A D.C. Superior court judge Tuesday convicted GW basketball player Attila Cosby of seven misdemeanor charges for sexually assaulting an alleged prostitute with a broomstick at gunpoint in May 2000.
Cosby was led from the court in handcuffs by U.S. marshals and will be held without bond until his sentencing hearing Sept. 10. He faces as many as three and a half years in prison.
In denying bond, D.C. Superior Court judge Neal E. Kravitz said he could not “see past the presumption of danger…that Mr. Cosby committed a violent sexual assault with a pistol and broomstick.”
U.S. attorney Ben Friedman said following the decision he would seek that Cosby “spend the better part of the maximum jail sentence” in jail.
Kravitz convicted Cosby of all charges but two – one charge of sexual abuse for allegedly forcing oral sex and one charge of theft for allegedly stealing $20 from the complainant.
Kravitz, who said the decision was one of his “most difficult challenges as a judge,” chided Metropolitan Police officers who testified that Cosby’s godmother had access to information during the investigation. He noted an “astounding disregard for ethical propriety on the part of law enforcement” and “strenuous efforts from MPD to damage the government’s ability to successfully prosecute.”
The credibility of Cosby and the victim carried weight in his decision, the judge said, adding that defense attorneys failed to present any reasonable incentive the complainant had to fabricate her story. Kravitz said he did not believe the defense’s account that the woman contrived her story because she was upset Cosby did not pay her.
Kravitz said the woman’s testimony was consistent with what other victims of assault would say.
“I found her memory to be impressively detailed, given the amount of stress,” Kravitz said.
Kravitz also said he found Cosby’s account “far less credible” because of inconsistent statements made during his testimony. The judge said Cosby’s testimony seemed contrived.
Last week, Cosby testified that he lied in testimony during his first hearing last July when he said he had never used a gun. He said in testimony last week that he accidentally shot himself when he was 16 years old. Cosby also testified last week that he may have misled police to believe he did not own a gun. Cosby owns two guns, which he testified to giving away before the May 2000 incident.
Kravitz said he was convinced beyond a reasonable doubt that Cosby had a gun in his possession the night of the incident.
Cosby, who had felony charges in his first hearing dismissed last summer, was found guilty of one charge of misdemeanor sexual abuse for sexually assaulting the woman with a broomstick, two charges of attempted threats, one charge of simple assault and two charges of attempted possession of a prohibited weapon for possessing a gun and using a broomstick as a weapon. Cosby was also convicted of theft for stealing a $10 roll of quarters from the woman.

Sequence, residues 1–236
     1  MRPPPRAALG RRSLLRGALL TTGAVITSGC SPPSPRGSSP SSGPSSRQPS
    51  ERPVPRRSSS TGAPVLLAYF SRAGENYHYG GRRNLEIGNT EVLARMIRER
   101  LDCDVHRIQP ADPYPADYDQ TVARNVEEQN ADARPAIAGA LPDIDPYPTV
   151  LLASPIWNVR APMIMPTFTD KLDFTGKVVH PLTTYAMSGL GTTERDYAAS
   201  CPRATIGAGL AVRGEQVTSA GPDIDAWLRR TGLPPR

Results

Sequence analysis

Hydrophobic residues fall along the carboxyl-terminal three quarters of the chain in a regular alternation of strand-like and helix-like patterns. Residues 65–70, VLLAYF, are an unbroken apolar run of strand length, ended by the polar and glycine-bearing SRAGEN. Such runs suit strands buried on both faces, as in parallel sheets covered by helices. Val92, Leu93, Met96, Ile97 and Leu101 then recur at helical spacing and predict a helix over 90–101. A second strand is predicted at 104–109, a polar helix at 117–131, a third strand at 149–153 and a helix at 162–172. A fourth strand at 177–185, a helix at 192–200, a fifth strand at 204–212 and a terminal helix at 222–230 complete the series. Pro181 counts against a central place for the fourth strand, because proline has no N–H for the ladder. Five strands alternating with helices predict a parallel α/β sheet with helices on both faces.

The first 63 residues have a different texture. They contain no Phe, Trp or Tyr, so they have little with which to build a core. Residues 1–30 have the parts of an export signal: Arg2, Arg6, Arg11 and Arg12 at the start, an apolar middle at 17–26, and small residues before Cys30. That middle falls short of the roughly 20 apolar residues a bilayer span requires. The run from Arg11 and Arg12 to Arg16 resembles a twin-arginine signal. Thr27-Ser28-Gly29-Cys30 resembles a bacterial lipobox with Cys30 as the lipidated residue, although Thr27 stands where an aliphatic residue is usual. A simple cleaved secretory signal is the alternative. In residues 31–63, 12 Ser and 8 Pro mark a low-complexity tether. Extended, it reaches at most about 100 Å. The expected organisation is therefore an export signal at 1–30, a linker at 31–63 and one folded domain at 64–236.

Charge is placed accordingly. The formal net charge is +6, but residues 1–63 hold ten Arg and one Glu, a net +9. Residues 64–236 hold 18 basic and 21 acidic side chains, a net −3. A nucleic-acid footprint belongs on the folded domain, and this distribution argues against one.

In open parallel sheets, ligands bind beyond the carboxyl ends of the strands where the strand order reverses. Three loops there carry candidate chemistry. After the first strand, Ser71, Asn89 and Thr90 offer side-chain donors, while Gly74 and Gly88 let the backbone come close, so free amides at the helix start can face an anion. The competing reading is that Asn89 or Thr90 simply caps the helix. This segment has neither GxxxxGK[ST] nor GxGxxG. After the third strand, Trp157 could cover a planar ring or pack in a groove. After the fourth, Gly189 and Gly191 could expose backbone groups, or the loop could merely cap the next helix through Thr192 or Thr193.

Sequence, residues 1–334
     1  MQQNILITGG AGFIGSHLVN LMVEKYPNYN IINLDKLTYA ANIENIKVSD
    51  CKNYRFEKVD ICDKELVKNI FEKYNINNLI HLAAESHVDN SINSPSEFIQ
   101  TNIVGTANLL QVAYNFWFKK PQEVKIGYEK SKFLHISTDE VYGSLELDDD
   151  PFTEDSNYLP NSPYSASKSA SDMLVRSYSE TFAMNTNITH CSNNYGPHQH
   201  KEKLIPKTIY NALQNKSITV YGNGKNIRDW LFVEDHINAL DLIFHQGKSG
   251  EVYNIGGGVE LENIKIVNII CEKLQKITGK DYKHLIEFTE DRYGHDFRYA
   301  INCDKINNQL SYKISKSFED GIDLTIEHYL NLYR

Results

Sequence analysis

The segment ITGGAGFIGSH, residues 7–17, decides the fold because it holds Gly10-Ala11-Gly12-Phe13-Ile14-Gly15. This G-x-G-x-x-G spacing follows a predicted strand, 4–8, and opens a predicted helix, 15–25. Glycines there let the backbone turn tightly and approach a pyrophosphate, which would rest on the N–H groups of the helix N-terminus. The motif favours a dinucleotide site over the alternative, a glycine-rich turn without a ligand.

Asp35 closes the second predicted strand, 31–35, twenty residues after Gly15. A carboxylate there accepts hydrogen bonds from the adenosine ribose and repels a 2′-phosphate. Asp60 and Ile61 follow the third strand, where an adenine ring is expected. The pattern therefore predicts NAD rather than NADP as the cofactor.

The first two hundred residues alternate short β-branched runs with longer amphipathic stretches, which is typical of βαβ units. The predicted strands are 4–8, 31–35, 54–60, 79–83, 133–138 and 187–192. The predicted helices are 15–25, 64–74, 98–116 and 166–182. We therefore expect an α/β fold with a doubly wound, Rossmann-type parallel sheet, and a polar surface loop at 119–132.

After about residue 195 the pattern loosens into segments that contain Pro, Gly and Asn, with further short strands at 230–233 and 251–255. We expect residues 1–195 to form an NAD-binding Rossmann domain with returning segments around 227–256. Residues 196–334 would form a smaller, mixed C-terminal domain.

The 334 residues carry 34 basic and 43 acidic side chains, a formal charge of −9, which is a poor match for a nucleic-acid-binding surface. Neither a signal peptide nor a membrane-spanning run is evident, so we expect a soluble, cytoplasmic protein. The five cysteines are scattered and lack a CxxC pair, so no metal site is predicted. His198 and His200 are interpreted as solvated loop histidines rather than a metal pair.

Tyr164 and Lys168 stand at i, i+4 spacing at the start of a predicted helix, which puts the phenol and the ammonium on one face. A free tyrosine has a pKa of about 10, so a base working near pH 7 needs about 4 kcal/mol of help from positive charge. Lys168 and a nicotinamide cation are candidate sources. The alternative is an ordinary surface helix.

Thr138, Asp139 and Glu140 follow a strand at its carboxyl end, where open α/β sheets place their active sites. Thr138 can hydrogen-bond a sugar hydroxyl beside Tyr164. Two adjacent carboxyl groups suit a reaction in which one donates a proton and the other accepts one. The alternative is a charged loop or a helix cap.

Cosby was not eligible for a jury trial because prosecutors opted to charge him with only misdemeanors.
Following the verdict, defense attorney Billy Martin said he was “very disappointed” by the verdict.
Martin said Cosby was “devastated” by the judge’s ruling.
“Reasonable minds can disagree,” Martin said shortly after the judge read his decision.
Prosecutors also expressed some sympathy for Cosby.
“It’s obviously sad,” Friedman said. “Here is a kid who did come out of the inner city. He had all the opportunities in the world and now all that is in question.”
Friedman said Cosby’s testimony that he owned two guns came as a surprise to him.
Cosby had testified that he owned two guns but did not have one in his possession when he picked up a 46-year-old crack-cocaine user at New Jersey Avenue and P Street Northwest, and took her back to his Guthridge Hall room on campus.
Police did not find a gun in Cosby’s room, but a search of his room did yield a gun padlock and trigger-style lock manufactured by Sturm, Ruger and Co.
GW head coach Karl Hobbs, who suspended Cosby from the team July 5 citing academic obligations, declined comment on the verdict.
Before leaving the court, Martin declined to disclose who paid Cosby’s legal fees. Martin said it was “inappropriate” to divulge the source of the money, adding that GW was not involved and that his firm did expect receive payment for his legal services. Cosby’s godmother said during testimony she was not involved with paying the fees.
GW Athletic Director Jack Kvancz could not immediately be reached for comment.